If headers does not include Date, Last-Modified, or Server headers, then the server will automatically add them, where Date is based on current-seconds, Last-Modified is based on seconds, and Server is Racket.
If headers does not include Content-Type and mime is not #f, then mime is added as a Content-Type header.
The server will always replace your Connection header if it needs to ensure the connection will be closed. (Typically with an HTTP/1.0 client.)
The server will always put headers it generates before those in the response structure and guarantees that the headers supplied appear in the output in the order given. (This is relevant if multiple occurrences of the same header have a different interpretation by the client, such as with Set-Cookie.)

Examples:
(response
 301 #"OK"
 (current-seconds) TEXT/HTML-MIME-TYPE
 empty
 (λ (op) (write-bytes #"<html><body>Hello, World!</body></html>" op)))
(response
 301 #"Moved Permanently"
 (current-seconds) TEXT/HTML-MIME-TYPE
 (list (make-header #"Location"
                    #"http://racket-lang.org/download"))
 (λ (op) (write-bytes #"Moved" op)))
(response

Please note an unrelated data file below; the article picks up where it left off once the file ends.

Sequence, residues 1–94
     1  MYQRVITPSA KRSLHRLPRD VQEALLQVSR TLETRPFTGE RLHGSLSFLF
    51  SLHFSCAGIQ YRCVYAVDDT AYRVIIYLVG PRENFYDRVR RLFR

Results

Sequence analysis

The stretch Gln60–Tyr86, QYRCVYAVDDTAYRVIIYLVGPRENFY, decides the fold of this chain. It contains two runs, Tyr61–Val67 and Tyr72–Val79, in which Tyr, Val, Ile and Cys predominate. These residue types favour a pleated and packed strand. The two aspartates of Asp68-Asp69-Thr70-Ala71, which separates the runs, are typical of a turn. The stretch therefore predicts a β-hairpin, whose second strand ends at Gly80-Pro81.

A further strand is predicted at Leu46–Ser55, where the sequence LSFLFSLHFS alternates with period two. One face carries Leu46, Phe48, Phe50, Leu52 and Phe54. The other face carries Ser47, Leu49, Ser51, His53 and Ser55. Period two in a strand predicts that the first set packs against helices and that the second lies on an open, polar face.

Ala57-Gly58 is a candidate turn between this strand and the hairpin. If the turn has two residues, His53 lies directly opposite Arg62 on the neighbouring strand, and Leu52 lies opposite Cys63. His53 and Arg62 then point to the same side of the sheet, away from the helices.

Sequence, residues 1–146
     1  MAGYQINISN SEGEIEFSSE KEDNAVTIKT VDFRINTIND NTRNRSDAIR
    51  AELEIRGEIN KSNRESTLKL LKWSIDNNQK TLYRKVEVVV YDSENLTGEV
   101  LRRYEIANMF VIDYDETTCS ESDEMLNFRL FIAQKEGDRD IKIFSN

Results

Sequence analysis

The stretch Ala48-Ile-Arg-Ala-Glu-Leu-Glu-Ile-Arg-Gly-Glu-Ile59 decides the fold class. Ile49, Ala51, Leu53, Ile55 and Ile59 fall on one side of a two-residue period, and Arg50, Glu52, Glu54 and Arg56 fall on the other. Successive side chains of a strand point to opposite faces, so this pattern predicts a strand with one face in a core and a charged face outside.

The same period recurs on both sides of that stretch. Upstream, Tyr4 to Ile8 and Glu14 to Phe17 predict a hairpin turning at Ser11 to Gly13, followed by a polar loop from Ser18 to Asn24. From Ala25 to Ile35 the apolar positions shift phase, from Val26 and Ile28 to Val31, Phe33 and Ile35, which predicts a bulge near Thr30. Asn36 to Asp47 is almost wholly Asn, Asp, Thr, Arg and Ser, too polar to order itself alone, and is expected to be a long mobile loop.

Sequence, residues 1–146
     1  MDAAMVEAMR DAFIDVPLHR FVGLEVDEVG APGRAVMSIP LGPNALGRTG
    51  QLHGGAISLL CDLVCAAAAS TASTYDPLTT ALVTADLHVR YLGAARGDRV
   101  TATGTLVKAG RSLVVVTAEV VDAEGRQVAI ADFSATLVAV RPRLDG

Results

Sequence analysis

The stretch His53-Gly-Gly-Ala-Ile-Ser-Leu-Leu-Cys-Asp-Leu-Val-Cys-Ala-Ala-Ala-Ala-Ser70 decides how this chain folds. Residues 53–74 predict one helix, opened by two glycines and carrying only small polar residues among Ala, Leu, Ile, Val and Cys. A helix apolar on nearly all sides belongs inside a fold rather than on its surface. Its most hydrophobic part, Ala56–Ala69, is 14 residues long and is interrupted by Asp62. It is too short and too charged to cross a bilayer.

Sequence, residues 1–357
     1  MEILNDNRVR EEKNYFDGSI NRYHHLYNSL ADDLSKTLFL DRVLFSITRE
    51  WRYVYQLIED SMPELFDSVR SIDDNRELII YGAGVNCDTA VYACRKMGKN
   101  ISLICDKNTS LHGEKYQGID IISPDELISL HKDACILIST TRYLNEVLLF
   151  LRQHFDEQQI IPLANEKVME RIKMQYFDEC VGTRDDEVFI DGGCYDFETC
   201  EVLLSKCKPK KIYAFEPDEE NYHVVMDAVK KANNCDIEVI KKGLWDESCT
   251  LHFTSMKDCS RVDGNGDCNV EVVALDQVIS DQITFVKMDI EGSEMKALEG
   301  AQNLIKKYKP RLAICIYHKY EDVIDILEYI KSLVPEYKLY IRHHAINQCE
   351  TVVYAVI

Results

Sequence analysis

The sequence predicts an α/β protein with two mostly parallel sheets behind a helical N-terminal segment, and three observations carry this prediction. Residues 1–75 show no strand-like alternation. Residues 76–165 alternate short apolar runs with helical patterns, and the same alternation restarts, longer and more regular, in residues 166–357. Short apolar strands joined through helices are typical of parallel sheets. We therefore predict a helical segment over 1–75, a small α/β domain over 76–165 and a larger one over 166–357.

304 #"Not Modified"
 (current-seconds) #f
 (list (make-header #"Location"
                    #"http://racket-lang.org/download"))
 void)

Changed in version 1.2 of package web-server-lib: Contract on output weakened to allow any as the result (instead of demanding void?).
Changed in version 1.3: Added response-code/c and made the contracts on code and seconds stronger (rather than accepting number?).

procedure

(response/full code    
  message    
  seconds    
  mime    
  headers    
  body)  response?
  code : response-code/c
  message : (or/c #f bytes?)
  seconds : real?
  mime : (or/c #f bytes?)
  headers : (listof header?)
  body : (listof bytes?)
A constructor for responses where body is the response body.

Example:
(response/full